Hours of service regulations state that you can drive a maximum of 11 hours during a 14 hour workday. When your workday ends, you must take a 10 hour break before you can drive again. This is the way it works most of the time for most drivers. There is an exception called the split sleeper.

This option allows you to pause your 14 hour clock by splitting your 10 hours off duty into two periods of time. The split sleeper can be a valuable tool, but it’s important to fully understand how it works to make sure you use it correctly.

Here are the rules for using the split sleeper option: Although you still must take a 10 hour break, you can do it in two periods of time. One period must be at least seven consecutive hours and it MUST be in the sleeper berth. The other period must be at least two hours and can be in the sleeper berth, off duty or a combination of both. When added together, the two rest periods must equal at least 10 hours and both of those periods will not count against your 14. At the end of the second period, your 14-hour day and 11 hours of drive time are refigured.

The split sleeper option can be used continually for as long as it benefits you. However, a full break of 10 consecutive hours is needed to resume a normal work cycle. To clarify the split sleeper option, let’s look at an example of how it works.


In this example, we see how the sleeper berth provision affects both the 11 hour driving limit and the 14 hour driving window. There are no violations in this example.

The driver goes on duty at midnight after having 10 consecutive hours off duty, which means he or she can drive for up to 11 hours within a 14 hour window. The driver used those 11 hours by 5 pm then entered the sleeper berth for 7 consecutive hours. Because the driver accumulated at least 10 hours of rest using a combination of 3 consecutive hours off-duty (10 am-1 pm) and 7 consecutive hours in the sleeper berth (5 pm to midnight), the driver has not violated the 11 hour driving limit.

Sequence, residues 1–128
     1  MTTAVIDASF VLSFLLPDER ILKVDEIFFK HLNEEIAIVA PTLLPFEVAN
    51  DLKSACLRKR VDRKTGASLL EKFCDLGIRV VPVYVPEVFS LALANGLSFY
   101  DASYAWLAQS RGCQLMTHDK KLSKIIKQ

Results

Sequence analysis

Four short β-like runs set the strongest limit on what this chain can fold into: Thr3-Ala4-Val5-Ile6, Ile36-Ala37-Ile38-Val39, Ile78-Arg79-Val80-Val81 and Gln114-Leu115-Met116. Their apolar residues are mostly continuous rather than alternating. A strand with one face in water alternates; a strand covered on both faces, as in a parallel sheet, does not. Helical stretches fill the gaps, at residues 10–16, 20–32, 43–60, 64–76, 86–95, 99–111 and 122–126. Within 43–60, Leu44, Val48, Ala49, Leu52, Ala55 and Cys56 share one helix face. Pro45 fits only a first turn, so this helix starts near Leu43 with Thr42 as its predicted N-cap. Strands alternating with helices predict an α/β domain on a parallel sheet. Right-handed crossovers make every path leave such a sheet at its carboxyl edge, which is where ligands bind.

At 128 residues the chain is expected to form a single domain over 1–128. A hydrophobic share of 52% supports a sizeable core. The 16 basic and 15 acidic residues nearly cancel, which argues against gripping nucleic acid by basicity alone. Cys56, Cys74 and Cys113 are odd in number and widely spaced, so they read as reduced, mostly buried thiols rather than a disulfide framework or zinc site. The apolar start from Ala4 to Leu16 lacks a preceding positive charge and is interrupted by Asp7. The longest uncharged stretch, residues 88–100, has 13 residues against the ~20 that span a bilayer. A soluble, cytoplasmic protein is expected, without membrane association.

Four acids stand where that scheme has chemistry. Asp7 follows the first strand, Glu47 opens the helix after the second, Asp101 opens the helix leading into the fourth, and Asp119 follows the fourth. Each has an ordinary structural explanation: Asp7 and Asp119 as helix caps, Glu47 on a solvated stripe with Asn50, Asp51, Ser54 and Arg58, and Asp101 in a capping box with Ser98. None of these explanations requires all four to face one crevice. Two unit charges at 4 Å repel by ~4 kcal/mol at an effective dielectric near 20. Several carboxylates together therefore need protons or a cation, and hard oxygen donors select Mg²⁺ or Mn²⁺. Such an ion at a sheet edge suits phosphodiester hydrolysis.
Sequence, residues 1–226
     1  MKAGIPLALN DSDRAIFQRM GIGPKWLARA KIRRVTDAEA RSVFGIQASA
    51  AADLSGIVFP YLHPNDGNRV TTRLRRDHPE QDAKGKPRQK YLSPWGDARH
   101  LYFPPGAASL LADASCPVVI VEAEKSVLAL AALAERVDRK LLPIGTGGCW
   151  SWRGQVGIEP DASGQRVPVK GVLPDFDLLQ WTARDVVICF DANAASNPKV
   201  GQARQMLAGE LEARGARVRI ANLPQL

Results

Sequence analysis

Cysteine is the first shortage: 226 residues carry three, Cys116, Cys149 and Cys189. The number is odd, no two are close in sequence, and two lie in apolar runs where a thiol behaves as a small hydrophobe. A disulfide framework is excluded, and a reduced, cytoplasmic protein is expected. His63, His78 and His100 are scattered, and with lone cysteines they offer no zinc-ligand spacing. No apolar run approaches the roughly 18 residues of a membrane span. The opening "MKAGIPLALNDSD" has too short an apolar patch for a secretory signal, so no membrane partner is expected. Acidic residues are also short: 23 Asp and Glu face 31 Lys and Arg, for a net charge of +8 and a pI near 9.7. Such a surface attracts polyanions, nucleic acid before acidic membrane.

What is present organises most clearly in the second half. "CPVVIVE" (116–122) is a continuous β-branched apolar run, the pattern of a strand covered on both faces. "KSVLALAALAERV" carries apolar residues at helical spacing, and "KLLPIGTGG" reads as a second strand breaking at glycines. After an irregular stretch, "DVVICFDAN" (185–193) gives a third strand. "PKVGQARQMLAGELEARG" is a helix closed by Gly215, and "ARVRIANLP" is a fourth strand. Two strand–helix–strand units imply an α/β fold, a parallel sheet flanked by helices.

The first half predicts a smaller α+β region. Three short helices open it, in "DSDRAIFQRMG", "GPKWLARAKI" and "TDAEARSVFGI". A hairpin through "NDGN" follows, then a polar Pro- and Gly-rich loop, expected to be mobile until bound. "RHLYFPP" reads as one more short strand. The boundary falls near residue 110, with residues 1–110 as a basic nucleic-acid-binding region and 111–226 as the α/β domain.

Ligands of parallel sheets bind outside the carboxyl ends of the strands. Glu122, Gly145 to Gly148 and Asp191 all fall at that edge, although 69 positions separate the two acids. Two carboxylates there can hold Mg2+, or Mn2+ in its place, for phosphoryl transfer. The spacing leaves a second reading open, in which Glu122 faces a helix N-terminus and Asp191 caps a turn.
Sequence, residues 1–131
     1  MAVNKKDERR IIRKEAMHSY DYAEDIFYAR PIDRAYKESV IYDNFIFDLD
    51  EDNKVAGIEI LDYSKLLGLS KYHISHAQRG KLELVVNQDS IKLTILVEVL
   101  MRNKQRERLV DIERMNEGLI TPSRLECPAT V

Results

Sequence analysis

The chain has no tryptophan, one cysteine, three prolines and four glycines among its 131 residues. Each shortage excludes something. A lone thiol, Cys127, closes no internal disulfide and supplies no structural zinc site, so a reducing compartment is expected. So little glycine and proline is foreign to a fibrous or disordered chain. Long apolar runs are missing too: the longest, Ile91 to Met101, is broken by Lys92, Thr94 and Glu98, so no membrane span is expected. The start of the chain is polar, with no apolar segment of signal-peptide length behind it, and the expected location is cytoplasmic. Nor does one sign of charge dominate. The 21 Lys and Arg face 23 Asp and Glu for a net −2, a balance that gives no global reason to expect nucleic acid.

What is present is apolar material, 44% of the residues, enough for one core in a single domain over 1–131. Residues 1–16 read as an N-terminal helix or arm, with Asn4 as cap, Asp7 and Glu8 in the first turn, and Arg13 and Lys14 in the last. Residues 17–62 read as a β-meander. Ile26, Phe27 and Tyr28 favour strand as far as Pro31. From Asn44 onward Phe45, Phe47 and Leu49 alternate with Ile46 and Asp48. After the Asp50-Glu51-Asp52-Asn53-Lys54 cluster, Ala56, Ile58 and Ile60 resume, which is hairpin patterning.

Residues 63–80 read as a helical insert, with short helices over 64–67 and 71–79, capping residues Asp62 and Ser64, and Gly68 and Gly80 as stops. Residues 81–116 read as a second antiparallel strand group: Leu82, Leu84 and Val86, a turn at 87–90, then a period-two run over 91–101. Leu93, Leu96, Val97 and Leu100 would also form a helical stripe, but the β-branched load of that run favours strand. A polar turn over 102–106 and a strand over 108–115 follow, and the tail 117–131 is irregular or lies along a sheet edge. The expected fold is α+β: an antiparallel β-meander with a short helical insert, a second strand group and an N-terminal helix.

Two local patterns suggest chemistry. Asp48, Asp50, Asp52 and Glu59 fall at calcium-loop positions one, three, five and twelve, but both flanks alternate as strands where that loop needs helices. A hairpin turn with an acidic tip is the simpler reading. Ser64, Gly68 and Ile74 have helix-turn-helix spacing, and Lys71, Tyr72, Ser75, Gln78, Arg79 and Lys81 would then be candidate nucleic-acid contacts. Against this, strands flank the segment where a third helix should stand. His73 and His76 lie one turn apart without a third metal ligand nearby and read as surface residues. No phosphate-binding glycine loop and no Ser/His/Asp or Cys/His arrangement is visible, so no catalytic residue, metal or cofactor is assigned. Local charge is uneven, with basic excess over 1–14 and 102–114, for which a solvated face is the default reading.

Because both periods are qualifying rest breaks, when used together, they can both be excluded from the 14 hour driving window, so there is no 14 hour violation. After the driver completes 7 hours in the sleeper berth he/she has a 7 hour window to drive 6 hours. Then at that time he/she can either go off duty for 3 hours and get what he/she didn’t use in between the 2 split periods OR conduct a 10 hour break to reset his/her HOS.

30 Minute Break

Per §395.3(a)(3)(ii), property-carrying CMV drivers are required to take a 30-minute break. The required break must be at least 30 consecutive minutes long. It can be taken at any time during your first eight hours of driving. The eight hours only includes cumulative driving time since your last rest break of at 30 minutes. You may perform on-duty, not driving tasks during this break. These all qualify as a 30-minute break:· Eating a meal, resting in your parked vehicle, scanning paperwork, fueling, taking a walk or exercising or any other non-work activity. The break may be logged as on duty (not driving), off duty, sleeper berth or a combination of.